"No, I'm just taking them for a walk." The vendor began to regret letting his tongue run away with him for a moment as he realised a potential sale was fading from his immediate future.

"How much for that one?" 

Mogmush pointed at an iron blade. Unlike the others on the tray it looked as if it had been made by someone at least half way competent. The vendor eyed the towering barbarian and briefly worked out how much he could get away with. 

"To you...sir?" The pause was momentary. "Two silver pence. That's good Thrashmas iron. Keeps its edge fairly well and the blade was folded fifty times!" 

To the vendor's horror Mogmush reached out and picked up the blade. It was dwarfed in his giant paw. 

"Hmm...it'll do." Without any haggling the barbarian dug around in the purse he kept behind his loincloth. The vendor got a brief flash of the more vital parts of the male anatomy and suddenly found himself very interested in the drizzling sky. He pocketed the money and hurried away before his customer decided that a stab discount was a good idea.

Mogmush turned and reached up to the sign with the knife. Around him the flow of people created a little space as the curious but sensible paused to watch.

"Oi, Mogmush! What're you doing?" Gudguff had forced his way back through the crowd to find the giant. 

"I'm making some headroom." With  a well practiced application of blade and muscle Mogmush swiftly parted the ropes holding the sign in place and let the painted wood fall to the floor. "That's better." He sounded satisfied.

"When you're done vandalizing the town we have somwhere to be!"

Mogmush nodded and turned to follow. He carefully stashed the blade in an empty sheath on one of his weapons belts. Pain lanced through his head suddenly and Mogmush looked up to the sound of laughter to see another sign swaying from it's chains.

"Shit."

Cities are full of people living lives and generally just trying to get by. They often don't know or even care about the great goings on of the world at large. Just take a look around you and see what I'm on about!

The most important thing is that without the ordinary, the fantastical doesn't work. A Barbarian Horde needs to have something worth sacking, which in turn means that a city needs to produce something/s worth attacking it for. People, litterally, make the world go round.
So think about your brewers, barmen, cheesemongers, or mongers of any variety. Farmers, smiths, tailors, sailors, dockmen, nurses, doctors, carpenters, joiners, stablemen, brickies, engineers, soldiers, tinkers and merchants are just some of the jobs that need doing for a City to live and be believable.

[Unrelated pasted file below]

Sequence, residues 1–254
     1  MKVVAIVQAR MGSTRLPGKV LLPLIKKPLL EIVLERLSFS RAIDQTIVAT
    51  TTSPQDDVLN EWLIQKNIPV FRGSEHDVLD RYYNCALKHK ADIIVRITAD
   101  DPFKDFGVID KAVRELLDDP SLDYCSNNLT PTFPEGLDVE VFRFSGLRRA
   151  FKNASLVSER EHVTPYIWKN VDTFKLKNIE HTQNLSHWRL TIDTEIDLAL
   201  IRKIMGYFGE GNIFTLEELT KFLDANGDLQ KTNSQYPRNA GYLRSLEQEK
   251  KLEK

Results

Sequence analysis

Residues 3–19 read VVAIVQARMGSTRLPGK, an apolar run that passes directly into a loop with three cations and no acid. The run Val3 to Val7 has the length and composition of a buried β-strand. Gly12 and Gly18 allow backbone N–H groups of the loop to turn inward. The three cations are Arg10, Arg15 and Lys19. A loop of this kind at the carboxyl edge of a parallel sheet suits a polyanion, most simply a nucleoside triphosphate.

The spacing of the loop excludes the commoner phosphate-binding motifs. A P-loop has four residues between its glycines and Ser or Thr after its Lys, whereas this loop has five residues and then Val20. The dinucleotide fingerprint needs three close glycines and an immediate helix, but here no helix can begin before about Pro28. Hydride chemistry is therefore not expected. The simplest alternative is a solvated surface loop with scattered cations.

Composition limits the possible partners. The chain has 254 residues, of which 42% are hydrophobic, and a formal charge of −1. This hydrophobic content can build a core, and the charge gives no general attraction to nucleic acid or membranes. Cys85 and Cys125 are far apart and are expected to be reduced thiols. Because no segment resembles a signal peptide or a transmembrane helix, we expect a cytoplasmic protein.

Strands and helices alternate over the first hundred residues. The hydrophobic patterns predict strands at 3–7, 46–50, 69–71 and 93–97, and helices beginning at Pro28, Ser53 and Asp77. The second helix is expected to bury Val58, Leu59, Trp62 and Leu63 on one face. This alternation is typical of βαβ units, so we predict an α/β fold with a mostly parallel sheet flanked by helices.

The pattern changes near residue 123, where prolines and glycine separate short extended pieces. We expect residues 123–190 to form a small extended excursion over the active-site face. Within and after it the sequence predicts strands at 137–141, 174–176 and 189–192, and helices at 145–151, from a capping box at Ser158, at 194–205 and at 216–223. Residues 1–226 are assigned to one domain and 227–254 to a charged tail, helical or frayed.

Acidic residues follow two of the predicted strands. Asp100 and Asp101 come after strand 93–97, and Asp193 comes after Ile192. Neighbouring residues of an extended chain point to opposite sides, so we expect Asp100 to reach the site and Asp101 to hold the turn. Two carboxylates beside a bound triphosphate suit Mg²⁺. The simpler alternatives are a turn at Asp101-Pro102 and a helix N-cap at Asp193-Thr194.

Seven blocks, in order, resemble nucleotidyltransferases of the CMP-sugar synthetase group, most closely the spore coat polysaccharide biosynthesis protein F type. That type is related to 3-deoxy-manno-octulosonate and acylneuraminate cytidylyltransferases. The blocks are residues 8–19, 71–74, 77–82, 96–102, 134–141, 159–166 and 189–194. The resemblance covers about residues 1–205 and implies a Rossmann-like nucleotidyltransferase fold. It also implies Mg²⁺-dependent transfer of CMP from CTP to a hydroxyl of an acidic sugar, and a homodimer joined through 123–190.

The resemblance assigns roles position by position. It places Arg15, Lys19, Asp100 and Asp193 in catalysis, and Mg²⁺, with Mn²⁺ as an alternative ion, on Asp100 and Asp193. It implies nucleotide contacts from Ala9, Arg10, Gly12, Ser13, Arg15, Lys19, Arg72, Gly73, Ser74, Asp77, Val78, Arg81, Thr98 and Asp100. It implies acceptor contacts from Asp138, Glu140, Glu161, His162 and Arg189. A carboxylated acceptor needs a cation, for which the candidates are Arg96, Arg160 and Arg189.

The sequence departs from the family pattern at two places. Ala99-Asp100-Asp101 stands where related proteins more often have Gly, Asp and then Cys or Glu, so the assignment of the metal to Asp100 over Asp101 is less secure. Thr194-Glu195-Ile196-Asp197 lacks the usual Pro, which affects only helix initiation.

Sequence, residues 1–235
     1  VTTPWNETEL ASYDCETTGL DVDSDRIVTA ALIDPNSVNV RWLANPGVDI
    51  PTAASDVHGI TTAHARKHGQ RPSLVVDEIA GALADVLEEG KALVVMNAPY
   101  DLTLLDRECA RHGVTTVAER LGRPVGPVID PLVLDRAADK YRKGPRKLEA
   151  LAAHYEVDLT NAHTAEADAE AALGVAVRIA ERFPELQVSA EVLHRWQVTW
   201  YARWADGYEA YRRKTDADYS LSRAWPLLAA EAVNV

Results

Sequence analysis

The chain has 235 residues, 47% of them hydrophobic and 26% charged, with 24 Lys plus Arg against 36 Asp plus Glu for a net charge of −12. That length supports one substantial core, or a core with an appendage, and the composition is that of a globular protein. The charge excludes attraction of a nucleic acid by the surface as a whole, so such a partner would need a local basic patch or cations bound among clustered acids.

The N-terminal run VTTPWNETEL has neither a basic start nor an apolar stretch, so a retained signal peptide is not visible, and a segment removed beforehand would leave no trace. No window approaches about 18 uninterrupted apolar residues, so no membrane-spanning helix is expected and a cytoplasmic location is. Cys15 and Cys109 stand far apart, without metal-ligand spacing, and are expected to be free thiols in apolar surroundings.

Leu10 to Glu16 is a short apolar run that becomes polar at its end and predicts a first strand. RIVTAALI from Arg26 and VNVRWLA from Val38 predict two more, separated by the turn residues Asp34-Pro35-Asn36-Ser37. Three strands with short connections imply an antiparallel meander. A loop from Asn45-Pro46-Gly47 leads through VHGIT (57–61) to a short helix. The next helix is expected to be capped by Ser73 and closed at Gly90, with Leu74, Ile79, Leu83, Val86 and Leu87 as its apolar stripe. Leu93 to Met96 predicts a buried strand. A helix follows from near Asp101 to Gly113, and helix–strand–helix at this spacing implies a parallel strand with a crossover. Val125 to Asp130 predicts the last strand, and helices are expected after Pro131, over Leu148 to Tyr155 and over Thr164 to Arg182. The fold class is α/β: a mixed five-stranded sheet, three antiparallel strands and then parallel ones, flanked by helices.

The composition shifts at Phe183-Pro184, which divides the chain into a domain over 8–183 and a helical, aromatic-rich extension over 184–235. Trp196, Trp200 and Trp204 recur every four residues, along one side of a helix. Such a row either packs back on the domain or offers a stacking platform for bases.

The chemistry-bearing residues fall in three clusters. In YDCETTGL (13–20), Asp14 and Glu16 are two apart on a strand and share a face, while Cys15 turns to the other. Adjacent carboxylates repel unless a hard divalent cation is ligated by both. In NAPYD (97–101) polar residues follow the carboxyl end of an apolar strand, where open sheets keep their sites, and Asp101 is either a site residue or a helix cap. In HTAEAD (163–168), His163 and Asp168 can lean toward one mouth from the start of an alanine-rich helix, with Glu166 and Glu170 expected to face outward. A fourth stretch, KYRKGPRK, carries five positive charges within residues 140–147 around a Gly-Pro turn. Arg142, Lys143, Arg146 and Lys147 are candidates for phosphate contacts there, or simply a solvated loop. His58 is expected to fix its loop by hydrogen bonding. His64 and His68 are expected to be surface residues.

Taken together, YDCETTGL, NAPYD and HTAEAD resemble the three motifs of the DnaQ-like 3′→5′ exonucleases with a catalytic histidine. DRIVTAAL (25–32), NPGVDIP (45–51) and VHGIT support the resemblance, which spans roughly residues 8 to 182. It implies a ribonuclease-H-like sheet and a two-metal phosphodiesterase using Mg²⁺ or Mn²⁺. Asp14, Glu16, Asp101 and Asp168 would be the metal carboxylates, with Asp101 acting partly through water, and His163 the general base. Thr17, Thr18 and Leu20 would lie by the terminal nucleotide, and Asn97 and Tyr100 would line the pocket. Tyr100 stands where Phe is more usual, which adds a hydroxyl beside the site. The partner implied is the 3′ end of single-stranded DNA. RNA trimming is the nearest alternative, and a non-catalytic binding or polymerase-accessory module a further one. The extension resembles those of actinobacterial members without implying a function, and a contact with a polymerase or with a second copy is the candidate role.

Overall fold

Making the City Work.
Without the trades that feed, clothe and house people, a village of twenty people and a small dog on a string would not survive. Imagine how many trades a City needs. Then imagine what the people who perform these trades are like.

Gudguff frowned at the Innkeeper. 

"Three silvers a piece seems expensive." 

The Innkeeper looked back at the Wizard and sized up his chances.

"Weeeellll....yes...it does at first glance. but then you have to factor in Costs."

A pause was born between the haggling men. It grew to a full and lively silence before dying off in a moment of quiet. 

"Costs?" The Wizard was fingering the etchings on his Staff of Power. "What, Costs?" He stretched the words beyond breaking point and raised a bushy eyebrow.

"Weeel...There's my sign for a start." The Innkeeper knew he was on safe ground here. "It's bloody hard getting a decent sign done in this part of town. Your Monster had no right to do that to it." His eyes drifted tot he painted wood now lying in the basket by the fireplace.

"...No...No he didn't." Gudguff conceded the point grudgingly.

"Also there's your idiot. He's smashed six stools by sitting on them, I don't want my beds ruining!"

Gudguff stared over at Ran Dom McGuffin, his prophecied hero. The huge Yokel was staring at a chair and wondering if it would take his weight without adding to the pile of firewood.

"Yes...I'll admit that..."

The Innkeeper took a deep breath and ploughed on.

"There's also the Arsehole Tax."

"You what?" 

"Arsehole Tax. The City Elders levy a tax on anyone who might be an...an.... Arsehole." He ducked behind the bar for a long moment. After several breaths of air that felt no different the Innkeeper stood back up and was hit by the force of the Wizard's glare.

"Wizards are on the list."

Gudguff's eyebrow rose a bit higher.

"It's written down here somewhere..." The Innkeeper suddenly received a flash of understanding and realised why Wizards where on the list. He then realised that if he wanted to address this in any useful way his next words would be crucial.

"I don't seem to have the list at present... Have rooms 3, 5 and 36."

So, there you are. Cities. live in them, love them...leave them occasionally.